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The Federal Trade Commission submitted a statement today to the U.S. Senate describing the agency’s work to protect consumers from false or misleading claims about dietary supplements.  This work includes law enforcement actions, coordination with the Food and Drug Administration, and consumer education.

Submitted to the U.S. Senate Special Committee on Aging, the statement noted that the U.S. dietary supplement industry had $25 billion in sales last year, a 6 percent increase over the previous year.  “[M]arket analysts suggest that the downturn in the economy has actually led to increased spending on supplements as consumers attempt to manage their own healthcare and avoid expensive doctor visits and prescription medications.  Given this trend, it is more critical than ever that the Commission work to ensure that consumers are getting truthful and accurate information, backed by solid scientific evidence, about dietary supplements.”

The statement also described the FTC’s shared jurisdiction with the FDA over dietary supplements and other health and nutrition products – with the FTC having primary authority over food and dietary supplement advertising, and the FDA having primary responsibility for labeling of these products.

The FTC has brought more than 100 law enforcement actions over the past decade challenging claims about the effectiveness of a wide variety of supplements, including cold and flu products, weight-loss products, and supplements purported to treat serious diseases, including cancer and AIDS.  The FTC also collaborates with the FDA and foreign authorities to conduct law enforcement sweeps that tackle broad categories of health fraud – such as “Operation False Cures,” which targeted Internet marketers of fraudulent cancer-cure products, and a recent Internet sweep of marketers of phony H1N1 Flu products.  In addition, the FTC recently sent warning letters to companies claiming that Omega-3 fatty acid supplements enhance brain and vision function and development in school-aged children.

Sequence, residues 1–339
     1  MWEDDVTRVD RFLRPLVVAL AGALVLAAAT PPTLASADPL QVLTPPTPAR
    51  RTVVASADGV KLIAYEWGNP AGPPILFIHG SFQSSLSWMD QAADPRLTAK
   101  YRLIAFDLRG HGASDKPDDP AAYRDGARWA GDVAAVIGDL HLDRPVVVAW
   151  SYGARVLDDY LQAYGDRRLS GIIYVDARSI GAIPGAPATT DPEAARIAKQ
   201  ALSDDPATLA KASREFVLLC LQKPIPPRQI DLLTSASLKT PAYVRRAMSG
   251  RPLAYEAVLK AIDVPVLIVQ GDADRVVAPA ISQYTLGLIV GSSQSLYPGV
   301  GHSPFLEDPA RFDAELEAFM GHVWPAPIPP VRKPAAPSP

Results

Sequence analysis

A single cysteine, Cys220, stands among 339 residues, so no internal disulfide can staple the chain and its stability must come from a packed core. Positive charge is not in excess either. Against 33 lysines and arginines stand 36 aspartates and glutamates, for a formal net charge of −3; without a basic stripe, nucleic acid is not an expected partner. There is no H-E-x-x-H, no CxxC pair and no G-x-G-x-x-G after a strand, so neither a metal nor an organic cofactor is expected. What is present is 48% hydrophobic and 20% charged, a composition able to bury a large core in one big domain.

According to the statement, the FTC’s consumer education efforts have included the “Cure-ious? Ask” campaign, which alerts consumers to fraudulent cancer cures and encourages them to discuss all treatment options with their doctors.  The FTC has also issued consumer education materials warning about deceptive sales pitches for supposed H1N1 treatments, as well as brochures about the safety and effectiveness of dietary supplements.

The FTC vote authorizing the statement was 5-0.  

The Federal Trade Commission works for consumers to prevent fraudulent, deceptive, and unfair business practices and to provide information to help spot, stop, and avoid them.  To file a complaint in English or Spanish, visit the FTC’s online Complaint Assistant or call 1-877-FTC-HELP (1-877-382-4357).  The FTC enters complaints into Consumer Sentinel, a secure, online database available to more than 1,800 civil and criminal law enforcement agencies in the U.S. and abroad.  The FTC’s Web site provides free information on a variety of consumer topics.

(FTC File No. P064502)
(supplement statement)

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